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Super Channel has asked Alberta’s superior court to block the sale of digital set-top boxes that it alleges are being used to steal its programming.

Allarco Entertainment 2008 Inc., the Edmonton-based media company that owns and operates the premium cable and satellite TV channel, alleges several big-box retailers have been selling streaming devices programmed to pirate television content, including Super Channel’s.

The company has filed for an injunction that would order Staples Canada ULC, Best Buy Canada Ltd., London Drugs Ltd. and Canada Computers Inc. to stop selling the devices immediately. The case will be heard Tuesday.

“The only reason why people buy these boxes is to steal content,” Allarco president and chief executive officer Donald McDonald said in an interview. Super Channel has exclusive Canadian rights to shows such as The Oath and Swedish Dicks.

It’s not the first time a broadcaster has turned to the courts over piracy issues. Super Channel filed a copyright lawsuit over this issue in 2019; it is still pending. And in 2016, BCE Inc., Rogers Communications Inc. and Quebecor Inc.’s Videotron Ltd. teamed up to take legal action against five manufacturers of digital set-top boxes that came preloaded with applications that could be used to access copyright-protected content.

Super Channel alleges in its recent court filing that the retailers’ staff “advise, educate, encourage, induce, enable, coach or direct their customers” to buy the devices so they can pirate its content, thus harming Canada’s broadcasting and entertainment industries. None of the allegations has been proven in court.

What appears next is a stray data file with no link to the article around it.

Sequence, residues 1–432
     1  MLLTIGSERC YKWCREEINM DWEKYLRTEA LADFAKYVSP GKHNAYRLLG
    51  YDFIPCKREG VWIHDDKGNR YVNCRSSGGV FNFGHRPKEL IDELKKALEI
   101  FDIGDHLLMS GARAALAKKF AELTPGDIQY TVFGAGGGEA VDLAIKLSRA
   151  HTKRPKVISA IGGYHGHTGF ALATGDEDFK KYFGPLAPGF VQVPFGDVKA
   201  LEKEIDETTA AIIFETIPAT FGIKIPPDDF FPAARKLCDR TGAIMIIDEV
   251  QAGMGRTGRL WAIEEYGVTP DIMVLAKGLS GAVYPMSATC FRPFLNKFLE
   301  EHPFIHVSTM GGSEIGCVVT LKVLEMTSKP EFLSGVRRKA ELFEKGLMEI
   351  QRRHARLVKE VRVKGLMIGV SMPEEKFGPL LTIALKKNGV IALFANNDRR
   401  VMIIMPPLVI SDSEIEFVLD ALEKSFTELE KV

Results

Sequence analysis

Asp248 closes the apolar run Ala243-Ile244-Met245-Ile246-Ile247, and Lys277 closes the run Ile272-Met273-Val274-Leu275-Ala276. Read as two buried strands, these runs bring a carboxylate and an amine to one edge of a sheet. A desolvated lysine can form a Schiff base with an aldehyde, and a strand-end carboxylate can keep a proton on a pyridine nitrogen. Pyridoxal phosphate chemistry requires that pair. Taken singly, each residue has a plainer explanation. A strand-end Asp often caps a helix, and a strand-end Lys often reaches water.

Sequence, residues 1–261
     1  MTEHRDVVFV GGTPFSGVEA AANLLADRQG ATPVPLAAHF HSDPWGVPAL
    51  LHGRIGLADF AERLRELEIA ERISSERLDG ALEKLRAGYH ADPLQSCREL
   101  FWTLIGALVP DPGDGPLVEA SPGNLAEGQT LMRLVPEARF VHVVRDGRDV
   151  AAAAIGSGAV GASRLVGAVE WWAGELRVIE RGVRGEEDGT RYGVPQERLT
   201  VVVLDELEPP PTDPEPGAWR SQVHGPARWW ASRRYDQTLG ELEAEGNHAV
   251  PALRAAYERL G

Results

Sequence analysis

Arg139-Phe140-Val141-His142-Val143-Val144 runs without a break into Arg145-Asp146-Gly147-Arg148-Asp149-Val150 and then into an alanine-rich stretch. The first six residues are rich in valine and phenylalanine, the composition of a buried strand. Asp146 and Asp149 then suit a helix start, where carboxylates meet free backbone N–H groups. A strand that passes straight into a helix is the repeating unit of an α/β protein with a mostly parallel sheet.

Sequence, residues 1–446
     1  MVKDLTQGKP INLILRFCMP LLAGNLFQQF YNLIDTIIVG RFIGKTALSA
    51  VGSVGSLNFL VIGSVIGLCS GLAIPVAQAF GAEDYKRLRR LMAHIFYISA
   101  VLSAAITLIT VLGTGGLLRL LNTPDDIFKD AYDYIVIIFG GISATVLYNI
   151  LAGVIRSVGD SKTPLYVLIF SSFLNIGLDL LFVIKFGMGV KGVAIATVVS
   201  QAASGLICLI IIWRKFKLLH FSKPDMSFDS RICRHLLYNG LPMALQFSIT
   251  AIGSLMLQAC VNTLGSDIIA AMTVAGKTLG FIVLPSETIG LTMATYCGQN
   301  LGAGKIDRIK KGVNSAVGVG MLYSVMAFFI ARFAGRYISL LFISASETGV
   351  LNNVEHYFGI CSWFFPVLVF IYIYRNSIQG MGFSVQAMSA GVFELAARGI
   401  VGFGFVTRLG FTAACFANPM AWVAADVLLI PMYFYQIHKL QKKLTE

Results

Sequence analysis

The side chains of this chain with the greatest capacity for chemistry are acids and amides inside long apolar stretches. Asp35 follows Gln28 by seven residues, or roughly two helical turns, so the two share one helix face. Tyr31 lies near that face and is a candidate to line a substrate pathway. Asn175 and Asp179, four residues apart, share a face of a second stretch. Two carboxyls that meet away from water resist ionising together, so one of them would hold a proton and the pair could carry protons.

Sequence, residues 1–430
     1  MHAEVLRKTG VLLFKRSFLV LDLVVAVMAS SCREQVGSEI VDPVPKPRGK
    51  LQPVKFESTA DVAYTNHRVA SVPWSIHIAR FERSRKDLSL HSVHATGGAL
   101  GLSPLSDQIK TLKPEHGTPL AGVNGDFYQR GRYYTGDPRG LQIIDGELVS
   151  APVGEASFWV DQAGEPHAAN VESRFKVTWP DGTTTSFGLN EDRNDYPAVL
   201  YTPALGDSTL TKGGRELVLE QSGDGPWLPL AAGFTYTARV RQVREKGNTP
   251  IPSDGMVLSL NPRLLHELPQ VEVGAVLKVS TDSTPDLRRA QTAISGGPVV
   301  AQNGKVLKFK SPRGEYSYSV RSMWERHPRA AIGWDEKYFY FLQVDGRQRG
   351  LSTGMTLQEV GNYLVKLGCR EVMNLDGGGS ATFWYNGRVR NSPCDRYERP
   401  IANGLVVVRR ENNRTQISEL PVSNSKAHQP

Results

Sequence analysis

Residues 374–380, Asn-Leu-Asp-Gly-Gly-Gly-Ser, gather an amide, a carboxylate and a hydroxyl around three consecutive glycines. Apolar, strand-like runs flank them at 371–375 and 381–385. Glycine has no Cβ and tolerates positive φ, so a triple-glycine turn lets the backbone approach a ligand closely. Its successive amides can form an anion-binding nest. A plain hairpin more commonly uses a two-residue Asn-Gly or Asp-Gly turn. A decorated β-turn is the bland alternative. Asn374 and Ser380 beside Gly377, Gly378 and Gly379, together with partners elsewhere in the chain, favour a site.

Best Buy and London Drugs have denied the allegations in court documents. A spokesperson for London Drugs told The Globe and Mail the company will defend itself vigorously against Super Channel’s claims.

“London Drugs would never intentionally take or condone any action with an intent to infringe any intellectual property rights,” the company said in a statement.

“London Drugs has always respected the rights of content creators and holders of copyright in all forms. We sell products and provide services for many parties engaged in content creation and distribution and recognize and fully support their right to fair compensation.”

Staples and Best Buy declined to comment, while Canada Computers could not be reached.

Super Channel also says many of the devices, which are primarily Android boxes manufactured in China, come preloaded with malware that can access users’ home networks and their personal data, leaving them open to cyberattacks.

“These devices are dangerous to your home network, dangerous to your personal data and could end up costing you a lot more money in the end,” Mr. McDonald said. He added it is difficult to quantify the losses from the sale of the devices, but he pointed out that piracy is not a “victimless crime” and costs Canadian jobs.

In late 2019, the Federal Court ordered internet service providers to block access to websites operated by the anonymous operators of Gold TV. The IPTV service offers access to content to which it has no rights, Bell Media Inc., Rogers Media Inc. and Groupe TVA Inc. argued in court documents.

Several experts called the Federal Court ruling precedent-setting. Internet provider TekSavvy Solutions Inc., which has appealed the ruling, called it an infringement on the free-speech rights of Canadian internet users. The appeal is to be heard this month.

In 2018, the Canadian Radio-television and Telecommunications Commission rejected an application by FairPlay Canada – a coalition of Canada’s biggest communications and media companies, production organizations, unions and movie theatres – to implement a site-blocking regime to address piracy. The CRTC said it did not have the jurisdiction to consider the proposal.

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